Toxic budget stirs up backbench jitters

May 23, 2014 – 12:00AM

Mark Kenny

Chief political correspondent

Fronting the National Press Club on Wednesday, shadow treasurer Chris Bowen noted that his backbench colleagues would have been especially pleased at his eventual arrival.

One of them would have been tapped to deliver his speech for him if, as had already happened once that day, a second plane had been denied a landing. The truth is, they’re pretty pleased anyway. The problem was Canberra’s notoriously stubborn fog.

It’s a pretty apt metaphor for the government’s position right now: stubbornness, and fog. Not that Bowen was complaining. It was hard to wipe the smile off his face despite the uncertain hours spent in circular flight.

Shadow treasurer Chris Bowen at the National Press Club.

Shadow treasurer Chris Bowen at the National Press Club. Photo: Chris Bowen

It’ll take more than a few delays or a bit of inclement weather to dampen the mood of a party that began the week leading by double figures in two major opinion polls and finds itself suddenly united around a common theme.

That theme is its opponent’s strategic error, or what one senior Liberal told Fairfax Media was “the stinking carcass hanging around the government’s neck called ‘the budget’ “. Another Liberal put it differently, branding Joe Hockey’s first effort as ‘‘about as popular as a Polly Waffle floating in a public pool’’.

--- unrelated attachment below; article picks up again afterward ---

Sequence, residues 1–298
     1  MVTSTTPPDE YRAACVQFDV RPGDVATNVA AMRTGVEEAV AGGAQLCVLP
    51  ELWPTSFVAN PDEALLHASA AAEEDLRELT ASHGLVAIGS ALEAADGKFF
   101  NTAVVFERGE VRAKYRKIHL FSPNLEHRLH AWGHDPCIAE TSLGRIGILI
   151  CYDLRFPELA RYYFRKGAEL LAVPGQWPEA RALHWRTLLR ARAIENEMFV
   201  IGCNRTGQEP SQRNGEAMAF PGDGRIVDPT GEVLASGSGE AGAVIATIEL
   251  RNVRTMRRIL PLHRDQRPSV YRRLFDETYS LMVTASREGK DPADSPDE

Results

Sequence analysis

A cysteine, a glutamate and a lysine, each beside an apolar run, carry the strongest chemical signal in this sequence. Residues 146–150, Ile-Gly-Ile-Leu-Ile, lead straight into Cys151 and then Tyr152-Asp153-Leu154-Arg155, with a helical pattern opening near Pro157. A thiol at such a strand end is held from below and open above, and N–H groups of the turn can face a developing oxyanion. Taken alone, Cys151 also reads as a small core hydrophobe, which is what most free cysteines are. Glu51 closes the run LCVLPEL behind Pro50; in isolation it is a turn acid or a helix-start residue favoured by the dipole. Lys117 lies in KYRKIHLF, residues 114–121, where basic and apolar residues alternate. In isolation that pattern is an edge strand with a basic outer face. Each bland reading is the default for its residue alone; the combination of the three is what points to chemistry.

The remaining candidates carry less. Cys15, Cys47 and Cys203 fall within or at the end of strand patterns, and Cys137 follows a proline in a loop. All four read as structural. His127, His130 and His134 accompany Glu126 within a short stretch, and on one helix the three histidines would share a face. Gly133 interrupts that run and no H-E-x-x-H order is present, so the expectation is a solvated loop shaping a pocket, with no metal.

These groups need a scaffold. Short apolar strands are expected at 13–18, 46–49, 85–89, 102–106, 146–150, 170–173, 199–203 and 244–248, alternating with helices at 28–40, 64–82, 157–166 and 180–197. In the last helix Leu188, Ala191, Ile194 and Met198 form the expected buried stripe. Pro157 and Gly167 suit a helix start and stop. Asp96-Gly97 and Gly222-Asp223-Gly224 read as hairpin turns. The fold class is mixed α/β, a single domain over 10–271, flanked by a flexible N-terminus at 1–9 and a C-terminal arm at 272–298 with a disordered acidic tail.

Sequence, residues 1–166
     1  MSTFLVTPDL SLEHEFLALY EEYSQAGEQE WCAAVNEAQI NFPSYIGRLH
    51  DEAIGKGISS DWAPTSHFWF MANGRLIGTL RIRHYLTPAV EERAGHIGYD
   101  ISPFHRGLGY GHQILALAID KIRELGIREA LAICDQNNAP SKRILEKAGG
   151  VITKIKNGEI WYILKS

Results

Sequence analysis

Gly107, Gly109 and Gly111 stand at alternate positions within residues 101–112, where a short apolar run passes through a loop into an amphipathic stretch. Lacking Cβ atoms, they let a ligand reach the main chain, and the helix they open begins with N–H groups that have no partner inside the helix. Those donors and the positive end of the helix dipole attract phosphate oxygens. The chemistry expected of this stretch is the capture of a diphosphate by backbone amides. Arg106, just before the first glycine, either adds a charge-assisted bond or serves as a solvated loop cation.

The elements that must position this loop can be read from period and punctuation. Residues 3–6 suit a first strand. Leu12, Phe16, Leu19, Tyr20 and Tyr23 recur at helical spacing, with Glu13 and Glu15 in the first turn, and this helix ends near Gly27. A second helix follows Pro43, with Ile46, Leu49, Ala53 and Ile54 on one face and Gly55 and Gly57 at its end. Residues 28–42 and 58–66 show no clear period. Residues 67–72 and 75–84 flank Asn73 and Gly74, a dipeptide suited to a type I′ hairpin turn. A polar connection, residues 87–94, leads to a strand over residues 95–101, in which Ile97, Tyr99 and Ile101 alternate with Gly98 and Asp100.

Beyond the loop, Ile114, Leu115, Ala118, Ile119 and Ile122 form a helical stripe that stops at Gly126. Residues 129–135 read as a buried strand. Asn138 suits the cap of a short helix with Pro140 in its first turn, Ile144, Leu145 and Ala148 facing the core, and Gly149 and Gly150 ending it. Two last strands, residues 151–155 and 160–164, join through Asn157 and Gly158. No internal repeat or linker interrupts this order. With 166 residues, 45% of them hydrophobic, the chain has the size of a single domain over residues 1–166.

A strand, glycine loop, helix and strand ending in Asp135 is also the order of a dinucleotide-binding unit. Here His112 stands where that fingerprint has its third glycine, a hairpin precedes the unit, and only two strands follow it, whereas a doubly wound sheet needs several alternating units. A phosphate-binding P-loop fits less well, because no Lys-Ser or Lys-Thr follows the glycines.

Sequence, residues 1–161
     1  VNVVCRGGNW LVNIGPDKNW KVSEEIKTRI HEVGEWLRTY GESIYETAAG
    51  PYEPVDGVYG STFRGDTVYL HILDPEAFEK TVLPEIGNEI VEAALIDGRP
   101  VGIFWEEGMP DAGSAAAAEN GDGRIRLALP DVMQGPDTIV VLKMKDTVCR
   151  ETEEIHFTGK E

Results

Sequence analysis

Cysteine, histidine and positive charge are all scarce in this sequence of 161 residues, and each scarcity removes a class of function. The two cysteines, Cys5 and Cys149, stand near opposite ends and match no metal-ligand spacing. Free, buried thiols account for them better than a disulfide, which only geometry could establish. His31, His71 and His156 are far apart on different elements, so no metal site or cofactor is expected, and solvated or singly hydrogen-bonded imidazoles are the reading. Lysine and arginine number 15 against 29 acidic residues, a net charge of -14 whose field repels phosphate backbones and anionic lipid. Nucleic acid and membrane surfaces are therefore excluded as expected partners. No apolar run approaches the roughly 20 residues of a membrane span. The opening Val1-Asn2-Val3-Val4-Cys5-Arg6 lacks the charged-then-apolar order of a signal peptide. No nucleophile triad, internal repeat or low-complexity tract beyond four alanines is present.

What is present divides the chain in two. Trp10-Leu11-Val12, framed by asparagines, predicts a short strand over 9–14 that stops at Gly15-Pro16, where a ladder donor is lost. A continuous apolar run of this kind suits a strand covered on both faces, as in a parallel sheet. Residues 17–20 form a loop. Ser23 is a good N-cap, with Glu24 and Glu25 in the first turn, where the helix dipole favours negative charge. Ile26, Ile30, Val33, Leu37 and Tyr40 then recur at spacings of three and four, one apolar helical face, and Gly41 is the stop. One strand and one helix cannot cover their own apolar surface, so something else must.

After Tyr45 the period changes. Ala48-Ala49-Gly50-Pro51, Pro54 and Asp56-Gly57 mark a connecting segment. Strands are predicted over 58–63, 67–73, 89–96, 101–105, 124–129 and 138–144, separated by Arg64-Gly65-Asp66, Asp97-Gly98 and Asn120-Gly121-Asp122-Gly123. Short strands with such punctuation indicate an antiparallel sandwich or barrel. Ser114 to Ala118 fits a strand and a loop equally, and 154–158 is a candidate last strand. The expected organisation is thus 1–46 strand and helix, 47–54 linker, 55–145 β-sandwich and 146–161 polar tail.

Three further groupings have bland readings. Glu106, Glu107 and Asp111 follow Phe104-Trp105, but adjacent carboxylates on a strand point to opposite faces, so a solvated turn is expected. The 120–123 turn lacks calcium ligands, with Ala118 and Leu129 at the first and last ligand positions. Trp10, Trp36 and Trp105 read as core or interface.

Indeed, Coalition MPs are aghast at the sudden depth of their political dilemma and are already muttering about radical solutions. Being discussed is everything from a humiliating retreat on one or all of the budget’s most odious matters – think petrol excise, Newstart changes, the pension age rising to 70 and the GP payment – to the ‘‘nuclear’’ option down the track of a leadership shake-up.

An initial period of calm immediately following the budget is giving way to the realisation that economically it was at best unimaginative and, politically speaking, it was deeply flawed. And that in turn is showing up as criticism of Hockey. And of Tony Abbott.

‘‘The trouble with budgets,” observed one relatively calm backbencher, ‘‘is that almost by definition, treasurers have to be extended a lot of trust by the party room.

‘‘Budgets are so complicated and when everything’s a secret, then everything’s a front-page story, so consultation even with the backbench is just not an option, it’s impossible – we just wait around reading leak after leak, wondering what’s planted and what’s not, and hoping like hell that when it is delivered, the Treasurer knows what he’s doing.’’

And right now, as the government struggles to explain its approach, many MPs are concluding  the Treasurer did not fully know what he was doing.

Even some of Hockey’s cabinet colleagues are joining in, with one telling Fairfax Media Hockey had forgotten the politics and had “bought” the Treasury line on some things. And they know it could have been even worse.

According to insiders on top of the list of Treasury-inspired decisions – such as the return of fuel indexation, the family tax benefit tightening and the politically toxic GP co-payment – there could have been added the reduction or removal of the diesel fuel rebate to farmers and miners.